Tuesday, July 15, 2003
Dean and Independent voters http://www.cuip.org/chipResponses/dean070803.pdf
The trend in the direction of political independence has continued unabated during the last ten years. A recent CNN/USA Today poll shows the electorate in a three-way split, with independents comprising a plurality at 35%. To what do you attribute this growing dis-alignment from the major parties? I believe that both parties are guilty of not giving people a reason to vote. It’s certainly a problem within the Democratic Party. We’ve become so afraid to stand up for what we believe that the public has almost no idea what our principles are. The Republican Party has moved further and further to the right, and the Democratic Party has followed them, to the point where Democrats look like Republicans, and Republicans talk like “moderates” but govern like right-wing extremists. I think that voters want candidates to be clear about who they are and what they believe, and that’s exactly what my campaign is all about. Voters may not always agree with me on every position, but they will always know where I stand.
A consistent concern of independent voters is the extent to which the electoral, governmental and policymaking processes have been infected with partisanship. The Florida recount process revealed extreme partisanship on both sides – among election officials and within the court system. But Florida was not an anomaly. Among other examples of partisanship, ballot access laws favor incumbents over insurgents, and major party candidates over independents; judges have strong ties to party machines; and many legislative bodies reinforce partisan allegiance over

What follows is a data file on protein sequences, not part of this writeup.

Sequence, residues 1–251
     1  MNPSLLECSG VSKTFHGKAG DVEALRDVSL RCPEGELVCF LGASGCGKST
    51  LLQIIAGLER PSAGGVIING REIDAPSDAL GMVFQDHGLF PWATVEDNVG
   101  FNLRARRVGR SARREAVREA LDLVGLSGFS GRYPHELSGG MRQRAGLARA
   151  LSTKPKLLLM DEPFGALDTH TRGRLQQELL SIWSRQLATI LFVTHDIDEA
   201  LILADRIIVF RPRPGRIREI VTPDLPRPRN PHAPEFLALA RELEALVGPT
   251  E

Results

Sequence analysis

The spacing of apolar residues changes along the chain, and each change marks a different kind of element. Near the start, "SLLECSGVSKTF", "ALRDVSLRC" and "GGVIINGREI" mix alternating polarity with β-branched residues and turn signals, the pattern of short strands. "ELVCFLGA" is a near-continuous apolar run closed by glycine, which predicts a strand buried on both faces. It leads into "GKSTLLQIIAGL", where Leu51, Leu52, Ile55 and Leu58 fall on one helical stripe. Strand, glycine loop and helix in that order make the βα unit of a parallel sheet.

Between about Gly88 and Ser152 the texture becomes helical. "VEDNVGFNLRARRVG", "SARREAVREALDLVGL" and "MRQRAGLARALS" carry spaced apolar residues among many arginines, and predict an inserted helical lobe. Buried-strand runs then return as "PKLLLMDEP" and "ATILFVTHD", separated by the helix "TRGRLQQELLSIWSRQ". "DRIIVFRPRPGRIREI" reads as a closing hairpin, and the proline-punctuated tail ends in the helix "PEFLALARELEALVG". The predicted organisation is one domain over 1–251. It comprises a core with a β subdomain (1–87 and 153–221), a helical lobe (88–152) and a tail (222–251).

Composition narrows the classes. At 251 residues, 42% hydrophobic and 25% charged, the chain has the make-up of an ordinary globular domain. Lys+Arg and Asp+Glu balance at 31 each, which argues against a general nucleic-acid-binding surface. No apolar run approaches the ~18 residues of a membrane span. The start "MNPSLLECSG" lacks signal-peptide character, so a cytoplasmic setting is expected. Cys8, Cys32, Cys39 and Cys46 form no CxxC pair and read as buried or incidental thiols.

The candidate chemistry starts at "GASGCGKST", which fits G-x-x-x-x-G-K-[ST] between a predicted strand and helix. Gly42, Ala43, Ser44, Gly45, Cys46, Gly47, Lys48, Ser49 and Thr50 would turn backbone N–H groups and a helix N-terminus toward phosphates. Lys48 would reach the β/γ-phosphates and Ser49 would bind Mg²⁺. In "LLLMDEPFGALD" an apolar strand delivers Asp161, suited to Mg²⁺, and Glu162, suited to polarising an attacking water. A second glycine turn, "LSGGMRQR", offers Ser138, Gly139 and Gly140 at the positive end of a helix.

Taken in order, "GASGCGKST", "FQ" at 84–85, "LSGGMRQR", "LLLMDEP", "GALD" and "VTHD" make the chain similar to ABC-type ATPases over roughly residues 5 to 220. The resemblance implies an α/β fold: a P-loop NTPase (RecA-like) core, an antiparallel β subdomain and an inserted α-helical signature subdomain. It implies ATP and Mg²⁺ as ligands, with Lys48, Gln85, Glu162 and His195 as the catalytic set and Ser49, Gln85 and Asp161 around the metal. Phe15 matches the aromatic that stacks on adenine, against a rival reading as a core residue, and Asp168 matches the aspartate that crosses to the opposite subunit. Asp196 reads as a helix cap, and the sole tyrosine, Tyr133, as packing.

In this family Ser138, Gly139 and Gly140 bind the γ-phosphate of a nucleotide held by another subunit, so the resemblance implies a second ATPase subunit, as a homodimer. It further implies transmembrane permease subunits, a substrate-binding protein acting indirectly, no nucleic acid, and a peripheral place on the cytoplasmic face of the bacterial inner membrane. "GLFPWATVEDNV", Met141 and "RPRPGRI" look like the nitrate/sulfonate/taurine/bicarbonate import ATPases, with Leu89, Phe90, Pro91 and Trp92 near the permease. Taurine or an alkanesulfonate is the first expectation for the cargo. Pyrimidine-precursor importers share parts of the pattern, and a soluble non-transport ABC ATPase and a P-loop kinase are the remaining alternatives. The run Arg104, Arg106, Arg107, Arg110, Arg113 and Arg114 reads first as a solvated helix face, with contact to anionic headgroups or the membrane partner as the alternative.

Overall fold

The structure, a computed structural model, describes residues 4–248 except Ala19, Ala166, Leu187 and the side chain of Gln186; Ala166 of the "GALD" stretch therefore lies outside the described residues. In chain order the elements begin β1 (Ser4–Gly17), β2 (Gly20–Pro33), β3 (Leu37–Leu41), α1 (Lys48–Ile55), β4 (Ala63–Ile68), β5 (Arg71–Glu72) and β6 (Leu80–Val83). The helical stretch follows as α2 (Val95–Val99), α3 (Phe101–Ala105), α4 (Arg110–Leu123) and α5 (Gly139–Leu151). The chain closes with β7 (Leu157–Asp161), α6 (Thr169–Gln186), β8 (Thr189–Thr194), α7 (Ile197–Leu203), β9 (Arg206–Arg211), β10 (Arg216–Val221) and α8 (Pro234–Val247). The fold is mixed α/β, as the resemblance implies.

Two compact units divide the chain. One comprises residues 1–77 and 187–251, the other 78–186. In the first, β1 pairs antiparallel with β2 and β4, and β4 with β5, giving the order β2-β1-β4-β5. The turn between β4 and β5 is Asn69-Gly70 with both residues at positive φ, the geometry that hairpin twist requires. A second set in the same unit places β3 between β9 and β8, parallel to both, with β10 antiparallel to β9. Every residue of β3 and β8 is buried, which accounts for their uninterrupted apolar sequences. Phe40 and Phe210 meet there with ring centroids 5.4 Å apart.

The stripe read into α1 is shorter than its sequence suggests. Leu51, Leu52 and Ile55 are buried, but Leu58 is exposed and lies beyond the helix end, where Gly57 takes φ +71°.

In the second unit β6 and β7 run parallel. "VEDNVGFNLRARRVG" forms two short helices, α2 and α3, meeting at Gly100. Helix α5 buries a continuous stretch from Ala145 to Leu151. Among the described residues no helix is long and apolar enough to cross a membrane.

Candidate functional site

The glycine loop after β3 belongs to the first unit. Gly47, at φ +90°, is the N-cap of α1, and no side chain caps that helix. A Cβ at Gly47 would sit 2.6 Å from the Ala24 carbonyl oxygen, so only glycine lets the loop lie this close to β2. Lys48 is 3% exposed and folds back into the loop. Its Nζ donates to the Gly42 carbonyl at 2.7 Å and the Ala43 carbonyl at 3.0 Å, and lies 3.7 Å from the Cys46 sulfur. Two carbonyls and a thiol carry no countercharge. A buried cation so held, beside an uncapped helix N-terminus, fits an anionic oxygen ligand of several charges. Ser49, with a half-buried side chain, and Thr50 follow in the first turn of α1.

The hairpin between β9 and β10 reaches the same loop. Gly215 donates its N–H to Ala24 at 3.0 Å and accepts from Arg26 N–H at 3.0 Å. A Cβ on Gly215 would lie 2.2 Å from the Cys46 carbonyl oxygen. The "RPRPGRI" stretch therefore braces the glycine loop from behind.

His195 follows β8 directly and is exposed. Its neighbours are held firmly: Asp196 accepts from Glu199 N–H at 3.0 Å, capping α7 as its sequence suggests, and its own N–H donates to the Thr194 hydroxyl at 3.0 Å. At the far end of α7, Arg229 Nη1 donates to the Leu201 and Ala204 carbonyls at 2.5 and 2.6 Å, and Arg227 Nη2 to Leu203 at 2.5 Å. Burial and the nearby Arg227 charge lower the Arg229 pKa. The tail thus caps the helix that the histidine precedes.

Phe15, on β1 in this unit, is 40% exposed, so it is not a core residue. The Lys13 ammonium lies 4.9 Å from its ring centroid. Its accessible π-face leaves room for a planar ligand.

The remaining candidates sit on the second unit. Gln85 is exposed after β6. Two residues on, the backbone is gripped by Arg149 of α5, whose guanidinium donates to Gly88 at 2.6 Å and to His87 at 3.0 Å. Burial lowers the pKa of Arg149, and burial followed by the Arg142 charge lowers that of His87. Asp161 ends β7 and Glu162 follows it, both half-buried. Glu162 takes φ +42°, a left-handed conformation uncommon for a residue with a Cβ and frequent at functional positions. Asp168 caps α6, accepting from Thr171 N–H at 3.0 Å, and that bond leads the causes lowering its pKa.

a) In your view, what is the role of partisanship in American politics?
I don’t think that anyone should govern based on ideology -- the Bush Administration’s ideological narrowness has set this country down a terrible path. Now, I do believe in having a strong governing philosophy, but that need not equal ideology or partisanship. Our political system should always involve a debate over ideas and philosophy -- that debate is what makes our democracy thrive.
b) Do you believe that partisanship contributes to the negative aspects of our political culture?
Partisanship becomes a detriment when adhering to a certain ideology is more important than making the best decisions for the American people. That said, it is important that the parties stand for something and give voters a choice between competing ideas.
c) How would you characterize the state of our political culture?
The state of our political culture is dismal right now. We have one party that runs every branch of government and believes that it can get away with just about anything, and another party that’s too afraid of the President’s approval ratings to stand up and fight.
update Todd Heywood and Scott Gamel sent me a note to remind me that Independents For Dean is online and working towards building bridges to that huge chunk of the electorate. Keep up the great work, guys, and sorry I missed linking that originally.
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Nation-Building was founded by Aziz Poonawalla in August 2002 under the name Dean Nation. Dean Nation was the very first weblog devoted to a presidential candidate, Howard Dean, and became the vanguard of the Dean netroot phenomenon, raising over $40,000 for the Dean campaign, pioneering the use of Meetup, and enjoying the attention of the campaign itself, with Joe Trippi a regular reader (and sometime commentor). Howard Dean himself even left a comment once. Dean Nation was a group weblog effort and counts among its alumni many of the progressive blogsphere's leading talent including Jerome Armstrong, Matthew Yglesias, and Ezra Klein. After the election in 2004, the blog refocused onto the theme of "purple politics", formally changing its name to Nation-Building in June 2006. The primary focus of the blog is on articulating purple-state policy at home and pragmatic liberal interventionism abroad.